Necatoriasis is an infestation (or infection) of Necator species. In humans, the causative agent of necatoriasis is Necator americanus (also known as the New World hookworm). It is a hookworm infesting humans as well as other animals (e.g. cats and dogs). Humans, though, are its definitive host. This hookworm belongs to group of parasitic worms referred to as helminths. Thus, necatoriasis is considered as a type of helminthiasis (i.e. worm infestation). Another Necator species is the Necator suillus which is a hookworm found in pigs.
Morphologically, Necator hookworms are similar to Ancylostoma species. Both of them are hook-shaped although Necator species is smaller and has a more defined hook shape.1 Both Necator and Ancylotstoma hookworms attach to the intestinal lining of their host to feed on blood. Thus, necatoriasis, similar to ancylostomiasis (Ancylostoma hookworm infestation), could result in hookworm anaemia. Nevertheless, the anaemia from necatoriasis is less severe than that from ancylostomiasis.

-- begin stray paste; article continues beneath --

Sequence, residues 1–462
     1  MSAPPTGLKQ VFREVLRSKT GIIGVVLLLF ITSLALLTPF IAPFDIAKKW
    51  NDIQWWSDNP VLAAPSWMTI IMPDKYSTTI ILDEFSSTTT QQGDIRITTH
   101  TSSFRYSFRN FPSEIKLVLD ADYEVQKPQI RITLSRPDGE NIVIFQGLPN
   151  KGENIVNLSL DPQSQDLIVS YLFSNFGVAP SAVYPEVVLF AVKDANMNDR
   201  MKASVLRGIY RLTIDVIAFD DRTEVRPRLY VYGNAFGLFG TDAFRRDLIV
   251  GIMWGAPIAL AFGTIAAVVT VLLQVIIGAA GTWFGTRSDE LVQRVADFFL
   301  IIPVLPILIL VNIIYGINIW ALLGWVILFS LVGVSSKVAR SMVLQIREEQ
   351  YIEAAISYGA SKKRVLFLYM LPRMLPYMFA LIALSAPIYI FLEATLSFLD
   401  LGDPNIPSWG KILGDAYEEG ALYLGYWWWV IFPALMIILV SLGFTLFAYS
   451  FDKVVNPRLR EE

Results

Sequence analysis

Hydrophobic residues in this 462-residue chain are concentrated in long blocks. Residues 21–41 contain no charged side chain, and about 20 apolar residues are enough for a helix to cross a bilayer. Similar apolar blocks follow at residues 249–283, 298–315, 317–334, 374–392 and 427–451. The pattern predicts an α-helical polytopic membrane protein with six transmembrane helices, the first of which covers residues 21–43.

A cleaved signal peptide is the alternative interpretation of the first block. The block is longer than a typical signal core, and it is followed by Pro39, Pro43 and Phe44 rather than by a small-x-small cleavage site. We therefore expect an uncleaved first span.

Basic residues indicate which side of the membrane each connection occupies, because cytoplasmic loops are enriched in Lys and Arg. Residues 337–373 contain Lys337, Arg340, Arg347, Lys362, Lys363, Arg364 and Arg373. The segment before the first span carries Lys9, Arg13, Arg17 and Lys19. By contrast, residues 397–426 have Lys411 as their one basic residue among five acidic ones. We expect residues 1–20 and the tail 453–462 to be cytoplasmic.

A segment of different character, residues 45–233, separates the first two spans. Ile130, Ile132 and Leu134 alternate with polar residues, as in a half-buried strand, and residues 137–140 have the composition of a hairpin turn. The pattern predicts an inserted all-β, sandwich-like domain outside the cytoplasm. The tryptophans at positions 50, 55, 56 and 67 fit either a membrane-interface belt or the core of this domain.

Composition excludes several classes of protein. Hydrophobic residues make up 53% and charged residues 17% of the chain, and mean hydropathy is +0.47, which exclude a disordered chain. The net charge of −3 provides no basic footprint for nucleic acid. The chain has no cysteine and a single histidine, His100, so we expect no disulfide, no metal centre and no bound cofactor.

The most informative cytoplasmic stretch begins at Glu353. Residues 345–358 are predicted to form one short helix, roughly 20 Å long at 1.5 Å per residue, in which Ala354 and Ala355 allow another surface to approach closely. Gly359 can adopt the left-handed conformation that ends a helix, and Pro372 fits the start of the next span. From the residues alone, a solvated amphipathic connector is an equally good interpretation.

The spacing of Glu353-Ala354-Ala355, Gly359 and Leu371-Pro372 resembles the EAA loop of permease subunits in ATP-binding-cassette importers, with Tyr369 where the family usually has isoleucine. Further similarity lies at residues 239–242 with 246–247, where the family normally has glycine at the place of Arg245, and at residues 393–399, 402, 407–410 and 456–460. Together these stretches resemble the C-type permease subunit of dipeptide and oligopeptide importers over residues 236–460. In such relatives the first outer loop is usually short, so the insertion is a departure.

Necatoriasis is common in moist tropics and subtropics. It occurs in Africa, India, Asia, China, and Central America.
- Hookworm infestation
- Intertropical anaemia
- Hookworm disease
- Necator americanus
1 Ancylostoma/Necator. Retrieved from [].